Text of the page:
"Plastic Brits": are some Olympians more worthy of a cheer than others?

Screaming about "plastic Brits" may be a rare example of the <em>Mail</em> getting its own readers wrong.

You could almost sense the weariness from UK athletics head coach Charles van Commenee last week when asked to comment on whether his athletes would know all the words to the national anthem in time for the London Olympics.

“They know the words, or they will,” said Van Commenee. “If they don't, somebody will make an issue of it.”

Van Commenee, himself from the Netherlands, has faced repeated sneers and whines over the authenticity of his squad ahead of the 2012 games. He is too polite to say out loud who that "somebody" is. But I’m here to remind you, if you hadn’t guessed already, that you need look no further than the usual suspects.

The Daily Mail has featured no fewer than 208 articles about "plastic Brits" in the run-up to the games. As Sunder Katwala wrote for the New Statesman earlier this year, it smacks of a strange attempt to decide who is and who isn’t British enough to be supported.

One typically klaxonic "plastic Brit" Mail article was published in March, after US-born Tiffany Porter was named captain of the women’s indoor athletics team, with the headline "NOW THE PLASTIC BRITS ARE TAKING OVER!" The appointment was described as "controversial", though no-one was quoted disagreeing with it.

There have been some comparisons to Zola Budd, the South African runner who speedily received a British passport in time to run in the 1984 Los Angeles Olympics. But Budd’s lightning conversion to Britishness was a different story: this was a runner who couldn’t compete for the land of their birth due to the sporting embargo on South Africa, so chose Britain instead, with a little help from some hastily-cut red tape.

There were no such qualms at the time of Porter’s appointment about the men’s captain, Somali-born Mo Farah. The long-distance runner has made the opposite journey across the Atlantic to Porter, and is now living in the United States with his family to prepare for the Olympics. Is he more or less "British" than Porter because of that? Or do they both have equal claims to wear the Team GB colours in London?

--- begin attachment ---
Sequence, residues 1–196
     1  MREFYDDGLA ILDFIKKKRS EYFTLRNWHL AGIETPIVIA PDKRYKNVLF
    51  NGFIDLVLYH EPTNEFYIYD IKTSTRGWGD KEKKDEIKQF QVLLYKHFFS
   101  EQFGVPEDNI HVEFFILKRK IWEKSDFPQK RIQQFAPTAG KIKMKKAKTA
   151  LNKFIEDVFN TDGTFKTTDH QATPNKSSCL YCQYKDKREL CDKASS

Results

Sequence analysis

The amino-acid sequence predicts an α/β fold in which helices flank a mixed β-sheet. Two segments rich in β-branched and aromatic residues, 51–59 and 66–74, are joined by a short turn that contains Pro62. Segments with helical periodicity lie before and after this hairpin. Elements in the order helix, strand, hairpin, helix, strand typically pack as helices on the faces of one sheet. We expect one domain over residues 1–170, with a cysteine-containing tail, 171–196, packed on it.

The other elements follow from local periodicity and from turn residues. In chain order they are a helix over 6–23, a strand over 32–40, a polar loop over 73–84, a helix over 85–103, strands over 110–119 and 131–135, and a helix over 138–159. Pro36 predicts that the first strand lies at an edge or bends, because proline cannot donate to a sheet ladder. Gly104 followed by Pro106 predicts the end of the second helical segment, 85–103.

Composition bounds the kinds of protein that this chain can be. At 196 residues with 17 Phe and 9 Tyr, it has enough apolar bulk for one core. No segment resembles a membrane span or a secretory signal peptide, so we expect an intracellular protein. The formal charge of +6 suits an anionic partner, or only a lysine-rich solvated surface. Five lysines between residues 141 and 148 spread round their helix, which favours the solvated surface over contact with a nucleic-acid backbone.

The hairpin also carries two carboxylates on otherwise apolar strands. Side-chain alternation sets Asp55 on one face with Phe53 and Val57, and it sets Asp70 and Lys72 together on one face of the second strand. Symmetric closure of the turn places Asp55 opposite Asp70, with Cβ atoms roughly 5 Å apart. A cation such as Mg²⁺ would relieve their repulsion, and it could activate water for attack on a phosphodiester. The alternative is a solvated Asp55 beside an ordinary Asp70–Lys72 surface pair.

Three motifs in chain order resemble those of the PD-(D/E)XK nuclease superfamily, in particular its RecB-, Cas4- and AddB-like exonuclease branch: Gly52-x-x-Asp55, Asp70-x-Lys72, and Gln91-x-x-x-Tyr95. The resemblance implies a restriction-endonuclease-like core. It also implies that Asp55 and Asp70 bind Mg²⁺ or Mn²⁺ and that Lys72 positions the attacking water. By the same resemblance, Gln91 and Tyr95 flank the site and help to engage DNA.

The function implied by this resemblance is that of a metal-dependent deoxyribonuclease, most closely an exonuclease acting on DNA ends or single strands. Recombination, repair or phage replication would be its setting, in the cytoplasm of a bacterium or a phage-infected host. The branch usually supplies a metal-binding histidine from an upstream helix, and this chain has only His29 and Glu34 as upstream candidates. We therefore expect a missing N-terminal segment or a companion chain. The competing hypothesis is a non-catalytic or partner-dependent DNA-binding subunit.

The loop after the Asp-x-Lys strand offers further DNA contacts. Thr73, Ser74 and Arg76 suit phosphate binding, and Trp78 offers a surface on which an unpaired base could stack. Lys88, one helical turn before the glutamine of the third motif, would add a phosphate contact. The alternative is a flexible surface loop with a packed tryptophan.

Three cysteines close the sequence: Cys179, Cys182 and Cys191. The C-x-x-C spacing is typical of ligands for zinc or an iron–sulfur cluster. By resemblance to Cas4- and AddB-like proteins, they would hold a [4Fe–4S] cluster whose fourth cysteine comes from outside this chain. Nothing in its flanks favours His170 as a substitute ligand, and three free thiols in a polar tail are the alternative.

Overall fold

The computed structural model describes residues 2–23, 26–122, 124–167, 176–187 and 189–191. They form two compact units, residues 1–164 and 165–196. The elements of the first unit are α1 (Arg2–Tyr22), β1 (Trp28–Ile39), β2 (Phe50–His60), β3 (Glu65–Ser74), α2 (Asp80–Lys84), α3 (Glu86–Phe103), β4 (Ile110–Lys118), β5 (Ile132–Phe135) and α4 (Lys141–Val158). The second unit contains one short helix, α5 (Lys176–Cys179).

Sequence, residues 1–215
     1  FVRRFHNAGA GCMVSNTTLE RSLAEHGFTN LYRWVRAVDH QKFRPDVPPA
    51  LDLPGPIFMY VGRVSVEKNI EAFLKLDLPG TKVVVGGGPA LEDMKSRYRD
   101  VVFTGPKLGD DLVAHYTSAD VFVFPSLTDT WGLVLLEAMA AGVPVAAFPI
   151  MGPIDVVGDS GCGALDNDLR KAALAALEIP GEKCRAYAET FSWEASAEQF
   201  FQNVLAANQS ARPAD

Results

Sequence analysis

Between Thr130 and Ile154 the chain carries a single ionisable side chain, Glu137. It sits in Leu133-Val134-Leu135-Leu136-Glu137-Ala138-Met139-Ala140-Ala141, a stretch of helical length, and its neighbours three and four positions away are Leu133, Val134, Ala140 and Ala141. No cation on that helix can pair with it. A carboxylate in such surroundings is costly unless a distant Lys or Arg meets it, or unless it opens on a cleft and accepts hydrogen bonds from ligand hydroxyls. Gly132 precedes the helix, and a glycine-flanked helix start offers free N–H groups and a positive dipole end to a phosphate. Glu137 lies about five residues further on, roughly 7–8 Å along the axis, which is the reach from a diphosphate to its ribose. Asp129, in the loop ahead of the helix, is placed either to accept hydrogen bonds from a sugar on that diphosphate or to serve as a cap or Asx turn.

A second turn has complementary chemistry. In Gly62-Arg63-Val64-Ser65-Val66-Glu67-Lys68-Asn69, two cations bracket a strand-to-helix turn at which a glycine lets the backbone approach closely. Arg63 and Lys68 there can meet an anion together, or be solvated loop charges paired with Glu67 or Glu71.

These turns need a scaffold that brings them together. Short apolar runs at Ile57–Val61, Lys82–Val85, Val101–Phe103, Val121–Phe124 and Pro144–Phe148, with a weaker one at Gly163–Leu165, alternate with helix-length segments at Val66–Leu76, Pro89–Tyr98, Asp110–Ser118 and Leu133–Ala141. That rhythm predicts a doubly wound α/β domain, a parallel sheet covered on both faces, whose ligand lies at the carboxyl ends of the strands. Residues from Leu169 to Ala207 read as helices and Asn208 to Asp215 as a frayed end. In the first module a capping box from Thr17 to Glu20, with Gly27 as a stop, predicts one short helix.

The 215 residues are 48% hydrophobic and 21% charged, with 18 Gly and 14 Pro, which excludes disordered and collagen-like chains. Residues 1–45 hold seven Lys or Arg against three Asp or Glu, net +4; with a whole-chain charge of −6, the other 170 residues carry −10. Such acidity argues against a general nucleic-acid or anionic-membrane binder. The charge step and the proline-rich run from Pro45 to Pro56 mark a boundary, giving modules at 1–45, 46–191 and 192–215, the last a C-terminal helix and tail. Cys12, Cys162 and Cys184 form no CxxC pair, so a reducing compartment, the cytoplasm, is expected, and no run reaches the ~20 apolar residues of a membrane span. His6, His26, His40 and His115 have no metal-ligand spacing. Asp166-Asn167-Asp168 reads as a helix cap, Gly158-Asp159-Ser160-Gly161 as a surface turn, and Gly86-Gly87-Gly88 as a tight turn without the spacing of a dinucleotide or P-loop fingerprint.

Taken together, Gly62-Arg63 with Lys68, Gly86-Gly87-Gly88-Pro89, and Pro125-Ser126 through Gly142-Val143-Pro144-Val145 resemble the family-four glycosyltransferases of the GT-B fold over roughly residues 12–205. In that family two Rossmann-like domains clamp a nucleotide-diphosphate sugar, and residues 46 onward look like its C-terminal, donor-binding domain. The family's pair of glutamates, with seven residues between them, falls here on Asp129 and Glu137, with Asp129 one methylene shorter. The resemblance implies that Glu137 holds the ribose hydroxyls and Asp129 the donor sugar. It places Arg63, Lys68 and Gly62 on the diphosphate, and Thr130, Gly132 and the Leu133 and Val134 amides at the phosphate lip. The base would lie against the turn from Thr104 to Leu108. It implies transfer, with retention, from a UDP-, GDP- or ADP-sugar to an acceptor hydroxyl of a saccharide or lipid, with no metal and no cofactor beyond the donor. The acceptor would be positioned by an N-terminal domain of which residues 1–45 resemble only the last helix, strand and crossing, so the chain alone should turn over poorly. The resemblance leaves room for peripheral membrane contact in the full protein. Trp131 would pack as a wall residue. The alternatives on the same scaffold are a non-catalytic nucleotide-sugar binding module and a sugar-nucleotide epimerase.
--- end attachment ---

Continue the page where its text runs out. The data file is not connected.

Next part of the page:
Farah arrived as a refugee from his war-ravaged birthplace in Britain aged eight, just knowing three phrases in English: “Excuse me”, “Where is the toilet?” and “C’mon then!” but has become of the best-loved stars of Team GB, winning gold and silver medals at the Daegu World Athletics Championships last year.

He’s just one of a huge number of foreign-born sports stars to have gained huge success in Britain. England’s cricket captain, Andrew Strauss, lived in South Africa until he came to Britain aged six – his predecessor, Kevin Pietersen, also came to Britain from South Africa, aged 17. The England cricket team has a long and often successful history of nurturing talent from across the globe and making them wear three lions on their shirts.

So what’s different about Porter and the other "plastic Brits"? Like Van Commenee, perhaps it’s just a case of some newspapers attempting to press the outrage buttons of their readers by questioning "immigrants coming over here, taking our Olympic places" just as they have previously screamed about Polish plumbers or Slovakian single mums.

National identity is a complex thing, though. Lancastrian Mark Lawrenson, a Republic of Ireland international, even questioned whether Lukas Podolski was an echt [real] German during football commentary the other night. When Lewis Hamilton won the Canadian Grand Prix at the weekend, he grabbed a Union Jack in celebration – and later added that seeing Grenadian flags (his grandfather came to Britain from the Caribbean island) had inspired him too.

Maybe it doesn’t matter where you’ve come from, or where you’re going to, or what national anthem you know all the words to, but where you feel is home. "Plastic Brit" is a fairly odious term that aims to regard some Brits as being more worthy of a flag-wave or a cheer than others. Does that really represent how even Mail readers feel about Team GB? I suspect this could be one rare occasion where they have got their own readers wrong.
 

Plastic Brit? Mo Farah after winning a race in Oregon earlier this month. Photograph: Getty Images

Patrolling the murkier waters of the mainstream media

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"We repealed, then forgot": the long shadow of Section 28 homophobia

Why are deeply conservative views about the "promotion" of homosexuality still being reiterated to Scottish school pupils? 

Grim stories of LGBTI children being bullied in school are all too common. But one which emerged over the weekend garnered particular attention - because of the echoes of the infamous Section 28, nearly two decades after it was scrapped.